Review this album
Mar 13, 2013There is not a track that I skip. It is amazing to see what this fantastic group of musicians are able to put together on the fly. Its fun, rarely lets up, and has some truly amazing songcrafting along with pure, unadulterated rock. Love it to death and I have been listening to it everyday since NPR did a free stream on the whole album a week ago.
Mar 13, 2013IGNORE the critics scores. They are all mainstream critics who only care about pop and electronic music. This album is a monument to the once mainstream genre of rock n roll and a accurately captures the amazing sound of this board and these musicians. The only complaint I have is the first track. Though everything else is amazing. Amazing guitar riffs, great drums (duh Dave Grohl's on it) and absolutely astounding production. Real to Reel is the greatest rock and roll album from the past 5 years.… Expand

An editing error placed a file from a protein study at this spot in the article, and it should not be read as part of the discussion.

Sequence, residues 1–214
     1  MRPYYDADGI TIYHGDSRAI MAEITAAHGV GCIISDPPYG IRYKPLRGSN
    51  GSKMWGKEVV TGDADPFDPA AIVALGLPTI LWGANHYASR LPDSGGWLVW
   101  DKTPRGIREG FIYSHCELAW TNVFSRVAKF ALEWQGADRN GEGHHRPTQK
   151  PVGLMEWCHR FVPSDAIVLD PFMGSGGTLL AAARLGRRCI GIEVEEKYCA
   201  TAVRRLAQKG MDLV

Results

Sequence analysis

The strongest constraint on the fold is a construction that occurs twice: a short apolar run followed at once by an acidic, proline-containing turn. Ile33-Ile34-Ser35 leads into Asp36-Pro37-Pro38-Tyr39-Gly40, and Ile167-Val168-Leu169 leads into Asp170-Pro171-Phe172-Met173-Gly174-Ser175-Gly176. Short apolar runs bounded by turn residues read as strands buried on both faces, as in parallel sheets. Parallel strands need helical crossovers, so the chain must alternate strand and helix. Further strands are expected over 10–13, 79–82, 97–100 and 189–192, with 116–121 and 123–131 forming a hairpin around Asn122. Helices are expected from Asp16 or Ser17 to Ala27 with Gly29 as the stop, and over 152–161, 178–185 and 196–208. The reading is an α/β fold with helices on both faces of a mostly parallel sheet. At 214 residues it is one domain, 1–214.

Apr 15, 2013I’m happy to say that this turned out just as awesome as you’d expect from a project like this. Considering the album’s extensive roster, I think a track-by-track analysis is the best way to go about this review. Opening track Heaven and All (basically Black Rebel Motorcycle Club with Grohl on drums) is a heavy, driving riff-rocker that really starts the album off with a bang. Time Slowing Down (feat Masters of Reality’s Chris Goss & the rhythm section of Rage Against the Machine) seamlessly trades off between dreamy & almost psychedelic verses & a Foo Fighters-esque chorus/guitar lead. You Can’t Fix This (feat Stevie Nicks, Foo Fighters drummer Taylor Hawkins & Wallflowers keyboardist Rami Jaffee) has all the makings of a great Rumours-era Fleetwood Mac song; incredibly catchy melodies, poetic lyrics centered around betrayal & the end of relationships, guitar leads that are both jangly & twangy, and Nicks’ distinct raspy vocals in top form. The Man That Never Was (basically Foo Fighters fronted by Rick Springfield) is an angsty hard rock song with a multitude of awesome riffs, and finds Springfield in a much more edgy mode than we ever saw on Jessie’s Girl. Your Wife Is Calling (feat Hawkins, Fear frontman Lee Ving, Queens of the Stone Age bassist Alain Johannes & Foo Fighters/Germs/Nirvana guitarist Pat Smear) is admittedly a song that took a while to grow on me. It has a hardcore punk-like feel, goofy & repetitive lyrics, and throughout it rides a very odd groove that I can barely tell the time signature of. It’s an oddball of a track but by the 3rd listen I was hooked. From Can to Can’t (feat Slipknot/Stone Sour frontman Corey Taylor, Cheap Trick guitarist Rick Nielsen & Kyuss/The Obsessed bassist Scott Reeder) is a dark moody epic about what I’m interpreting as being told from the point of view of a man who’s questioning his faith in a higher power after a loved one dies. It does a great job of building throughout too, with the instrument getting heavier & Taylor’s vocals getting more emotionally-driven over the course of its 5-minute length. Centipede (feat QOTSA frontman Josh Homme, Johannes & Goss) is a much more acoustic-based track than the other ones here, being driven throughout by a quickly-picked guitar riff & switching into rock mode about halfway in. Honestly though this is probably the only song I have a gripe with; while it’s in general very well-written, to me the acoustic first half runs about a minute too long & eventually loses my interest until the 2nd half. Still, it’s overall a very good track. A Trick with No Sleeve (feat Homme & Johannes) is another solid rock track, even if there aren’t really any compliments I can give it I haven’t already given to other ones here. Cut Me Some Slack (feat Smear, Nirvana bassist Krist Noveselic & Paul McCartney) was the first impression we got of the album and man, was it a good one. It features a killer riff/groove & Sir Paul wailing his geriatric butt off over his heaviest song since Helter Skelter. If I Were Me (feat Jaffee, former Jayhawks violinist Jessy Greene & renowned session drummer Jim Keltner) is the first of Grohl’s 2 lead vocal performances on the album, though neither this nor Mantra (feat. Homme & Nine Inch Nails’/How to Destroy Angels’ Trent Reznor) sound like the average Foo Fighters song. The former is a beautifully reflective ballad driven by a steady vocal delivery & harmonic-tinged acoustic guitar riff. The latter is an ambitious sprawling 8-minute alt-rock track that keeps a nice groove throughout driven by spot-on drumming & a very catchy bassline by Homme, and it features both Grohl & Reznor on lead vocals in various points throughout the song, a duet I’m pretty sure many a rock fan has been waiting for for about a decade now. Like From Can to Can’t, Mantra does a great job at building, only here it’s done a lot more gradually and subtly, and as a result it creates a lot of tension & leads to a fantastic climax. It’s overall a great ending to a great album, which you’d expect with such an alt-rock dream trio collaborating on a track. Overall this is a very impressive album, which I frankly wasn’t surprised by considering the people Grohl managed to get together for this. It’s easily a contender for Album of the Year in my book. Top 5 tracks: You Can’t Fix This, Mantra, Cut Me Some Slack, From Can to Can’t, Man That Never Was. Score: 91/100… Expand